Miller Center

American President

A Reference Resource

Family Life

President Reagan's typical day began with his arrival in the Oval Office at 9 a.m. His briefing on national security affairs occurred shortly thereafter, usually lasting fewer than thirty minutes. Reagan usually worked in the office until a little after 5 p.m. and then returned to the residence quarters. During the course of his day, he typically had two hours of "personal staff time" during which he relaxed with aides, napped, and replied to some of his massive correspondence. On several occasions, Reagan responded to letters from people who had fallen on hard economic times by sending a personal check. He often ate dinner with Nancy in front of the television and spent the evening reading fiction or watching television.

Throughout his public life, Reagan believed it was a mistake to equate long work hours with effectiveness. "Show me an executive who works long, hard hours, and I'll show you a bad executive," he said in response to a question about his work habits during the 1980 presidential campaign. As President, Reagan often took Wednesday afternoons off and left the office early on Friday so he could go to Camp David, the presidential retreat. He also spent a total of 345 days of his presidency in California, many of them at his ranch northwest of Santa Barbara. Reagan made light of his work habits—once quipping at a Gridiron Dinner that "it's true hard work never killed anybody, but I figure why take the chance?" —but he, his wife, and his aides recognized that he functioned best when he was well rested and not overscheduled.

Reagan's children were adults when their father became President in 1981. Reagan and first wife Jane Wyman had one child in 1941, Maureen, and adopted another, Michael, in 1945. With second wife Nancy Davis, Reagan had two children: Patricia Ann, born in 1952, and Ronald Prescott, born in 1958. By most accounts, Reagan loved his children but was an emotionally distant figure in their lives, a characteristic often attributed to Reagan's relationship with his own troubled father. Each of Reagan's children has described him as something of a mystery, which dovetails with Nancy's comment: "There's a wall around him. He lets me come closer than anyone else, but there are times when even I feel that barrier."

Early in his first term, Reagan's oldest daughter, Maureen, a businesswomen, married for the third time, to Dennis Revell, a man twelve years her junior. In 1982, she ran in the California primaries for the U.S. Senate; her father refrained from endorsing her because he said it would an act of nepotism. She polled only 5 percent of the primary vote. By 1986, Maureen had become a prominent leader among Republican women and worked as a special consultant to the Republican National Committee. She was a fiery defender of her father although differing with him on certain issues—most notably the Equal Rights Amendment, which she supported and he opposed. In later years Maureen developed a close friendship with Nancy Reagan. Maureen Reagan died of cancer on August 9, 2001.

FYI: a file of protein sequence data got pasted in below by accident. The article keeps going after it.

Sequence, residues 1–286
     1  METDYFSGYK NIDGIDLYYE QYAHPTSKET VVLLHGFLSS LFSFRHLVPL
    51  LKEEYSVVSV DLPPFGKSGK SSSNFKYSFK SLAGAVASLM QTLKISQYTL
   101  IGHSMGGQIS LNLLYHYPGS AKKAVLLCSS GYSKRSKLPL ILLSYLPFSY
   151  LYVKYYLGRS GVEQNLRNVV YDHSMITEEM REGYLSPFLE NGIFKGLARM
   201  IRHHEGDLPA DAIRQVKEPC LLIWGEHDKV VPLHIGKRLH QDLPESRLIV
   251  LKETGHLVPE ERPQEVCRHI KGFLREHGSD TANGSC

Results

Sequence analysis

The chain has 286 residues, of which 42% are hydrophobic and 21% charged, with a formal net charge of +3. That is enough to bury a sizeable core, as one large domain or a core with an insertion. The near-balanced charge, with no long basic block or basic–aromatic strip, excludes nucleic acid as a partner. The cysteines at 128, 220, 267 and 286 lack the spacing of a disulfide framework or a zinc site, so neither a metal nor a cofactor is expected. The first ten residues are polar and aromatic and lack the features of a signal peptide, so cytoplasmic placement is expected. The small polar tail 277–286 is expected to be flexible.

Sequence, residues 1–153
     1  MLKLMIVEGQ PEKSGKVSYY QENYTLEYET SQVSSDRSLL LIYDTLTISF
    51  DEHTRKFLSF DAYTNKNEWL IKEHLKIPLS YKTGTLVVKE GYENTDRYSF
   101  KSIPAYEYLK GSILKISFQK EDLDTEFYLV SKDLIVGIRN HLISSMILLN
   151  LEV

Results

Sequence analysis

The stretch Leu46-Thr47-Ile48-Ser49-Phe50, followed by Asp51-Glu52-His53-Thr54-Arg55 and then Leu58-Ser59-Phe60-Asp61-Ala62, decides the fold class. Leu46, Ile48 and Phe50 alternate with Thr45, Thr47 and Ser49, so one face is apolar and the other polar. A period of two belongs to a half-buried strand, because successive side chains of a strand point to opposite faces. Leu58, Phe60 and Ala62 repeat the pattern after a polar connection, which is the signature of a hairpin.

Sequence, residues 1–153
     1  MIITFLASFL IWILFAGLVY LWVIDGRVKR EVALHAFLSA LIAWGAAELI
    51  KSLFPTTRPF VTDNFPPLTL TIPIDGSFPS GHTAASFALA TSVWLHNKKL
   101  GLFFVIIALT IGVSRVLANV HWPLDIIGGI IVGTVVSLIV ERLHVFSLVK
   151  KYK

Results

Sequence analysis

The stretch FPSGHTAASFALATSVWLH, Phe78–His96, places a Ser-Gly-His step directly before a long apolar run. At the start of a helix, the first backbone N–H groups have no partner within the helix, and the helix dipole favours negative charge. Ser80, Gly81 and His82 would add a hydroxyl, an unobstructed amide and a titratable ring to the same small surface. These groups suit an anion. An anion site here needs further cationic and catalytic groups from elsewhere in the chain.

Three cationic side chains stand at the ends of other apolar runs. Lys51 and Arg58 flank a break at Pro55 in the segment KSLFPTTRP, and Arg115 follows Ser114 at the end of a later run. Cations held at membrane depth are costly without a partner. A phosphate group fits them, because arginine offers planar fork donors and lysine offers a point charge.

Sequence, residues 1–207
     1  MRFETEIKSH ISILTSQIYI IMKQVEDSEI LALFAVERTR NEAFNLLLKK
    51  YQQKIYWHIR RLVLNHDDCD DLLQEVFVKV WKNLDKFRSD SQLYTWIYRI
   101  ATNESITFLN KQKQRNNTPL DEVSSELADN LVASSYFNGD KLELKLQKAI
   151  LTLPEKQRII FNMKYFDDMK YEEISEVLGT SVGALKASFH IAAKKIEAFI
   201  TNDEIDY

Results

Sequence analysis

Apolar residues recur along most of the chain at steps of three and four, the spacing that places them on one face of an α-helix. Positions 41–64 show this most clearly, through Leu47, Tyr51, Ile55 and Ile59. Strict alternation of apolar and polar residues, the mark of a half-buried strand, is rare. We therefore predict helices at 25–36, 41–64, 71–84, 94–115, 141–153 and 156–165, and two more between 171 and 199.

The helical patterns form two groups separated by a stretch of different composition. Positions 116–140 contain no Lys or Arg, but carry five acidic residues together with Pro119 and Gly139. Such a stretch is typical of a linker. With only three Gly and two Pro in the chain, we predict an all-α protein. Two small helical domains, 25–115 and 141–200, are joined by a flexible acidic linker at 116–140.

Michael Reagan, the President's adopted son, was a powerboat-racing enthusiast who worked as a salesman with an aerospace defense firm and, later, for an insurance company. Shortly after his father's election, Michael sent a letter to potential clients soliciting business and mentioning his relationship to Reagan. When the existence of the letter became public, Michael resigned from the aerospace company in the hope of shielding his father from criticism. During Reagan's second term, Michael tried his hand at acting and as a radio broadcaster. He became a highly successful radio talk show host and was active in conservative politics.

Ronald and Nancy Reagan had a difficult relationship with their daughter Patti Davis, who was opinionated and independent. A 1986 novel by Patti Davis, Home Front, was ostensibly based on her family experience. It told the story of a successful politician who is elected governor of California and then President of the United States. The fictional President and his exceedingly devoted wife are depicted as driven by ambition to the point where they consider their children to be political liabilities. As President, Ronald Reagan tried to reach out to his daughter, inviting her to the White House with a peace activist who made the case against the Reagan military buildup. After Reagan was stricken with Alzheimer's, Patti Davis reconciled with her parents and has often written movingly about her father.

Ronald Prescott Reagan, the youngest son, entered Yale following his graduation from high school but dropped out after one year. Aged twenty-two in 1981, he had been dancing with the Joffrey Ballet Company since 1980. Three weeks after his father's election in 1980, Ron announced his decision to marry a fellow dancer and a graduate of California State University, Northridge. By 1984, he had decided to give up dancing to try his hand at journalism, landing a job with the Dallas Morning News and "The Source," NBC's rock radio network. Proving himself a capable writer and a talented interviewer, he then landed a few spots as the guest host of several television shows, including NBC's Saturday Night Live. Ron made news in 2004 by appearing at the Democratic National Convention and criticizing the Republican administration of President George W. Bush. He often compared the George W. Bush administration unfavorably to his father's administration.